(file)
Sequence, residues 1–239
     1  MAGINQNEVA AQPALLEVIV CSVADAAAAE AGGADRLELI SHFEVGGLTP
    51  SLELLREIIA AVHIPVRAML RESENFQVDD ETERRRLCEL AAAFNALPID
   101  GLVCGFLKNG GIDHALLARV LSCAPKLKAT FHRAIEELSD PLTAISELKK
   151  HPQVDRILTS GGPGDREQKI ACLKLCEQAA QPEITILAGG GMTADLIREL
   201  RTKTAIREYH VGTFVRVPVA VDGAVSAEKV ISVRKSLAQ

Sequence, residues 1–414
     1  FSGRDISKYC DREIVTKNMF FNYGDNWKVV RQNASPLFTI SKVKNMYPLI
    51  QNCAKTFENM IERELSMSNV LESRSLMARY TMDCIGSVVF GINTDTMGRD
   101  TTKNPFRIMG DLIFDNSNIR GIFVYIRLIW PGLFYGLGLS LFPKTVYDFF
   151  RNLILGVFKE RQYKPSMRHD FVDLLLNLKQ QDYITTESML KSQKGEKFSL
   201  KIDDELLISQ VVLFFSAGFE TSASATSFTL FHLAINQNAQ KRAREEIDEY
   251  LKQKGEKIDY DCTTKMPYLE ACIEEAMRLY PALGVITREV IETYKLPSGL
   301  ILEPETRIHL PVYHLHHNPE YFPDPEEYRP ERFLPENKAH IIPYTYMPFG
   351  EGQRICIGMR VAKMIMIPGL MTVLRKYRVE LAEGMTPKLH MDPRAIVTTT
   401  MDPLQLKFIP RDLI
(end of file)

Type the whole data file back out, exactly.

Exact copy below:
Sequence, residues 1–239
     1  MAGINQNEVA AQPALLEVIV CSVADAAAAE AGGADRLELI SHFEVGGLTP
    51  SLELLREIIA AVHIPVRAML RESENFQVDD ETERRRLCEL AAAFNALPID
   101  GLVCGFLKNG GIDHALLARV LSCAPKLKAT FHRAIEELSD PLTAISELKK
   151  HPQVDRILTS GGPGDREQKI ACLKLCEQAA QPEITILAGG GMTADLIREL
   201  RTKTAIREYH VGTFVRVPVA VDGAVSAEKV ISVRKSLAQ

Sequence, residues 1–414
     1  FSGRDISKYC DREIVTKNMF FNYGDNWKVV RQNASPLFTI SKVKNMYPLI
    51  QNCAKTFENM IERELSMSNV LESRSLMARY TMDCIGSVVF GINTDTMGRD
   101  TTKNPFRIMG DLIFDNSNIR GIFVYIRLIW PGLFYGLGLS LFPKTVYDFF
   151  RNLILGVFKE RQYKPSMRHD FVDLLLNLKQ QDYITTESML KSQKGEKFSL
   201  KIDDELLISQ VVLFFSAGFE TSASATSFTL FHLAINQNAQ KRAREEIDEY
   251  LKQKGEKIDY DCTTKMPYLE ACIEEAMRLY PALGVITREV IETYKLPSGL
   301  ILEPETRIHL PVYHLHHNPE YFPDPEEYRP ERFLPENKAH IIPYTYMPFG
   351  EGQRICIGMR VAKMIMIPGL MTVLRKYRVE LAEGMTPKLH MDPRAIVTTT
   401  MDPLQLKFIP RDLI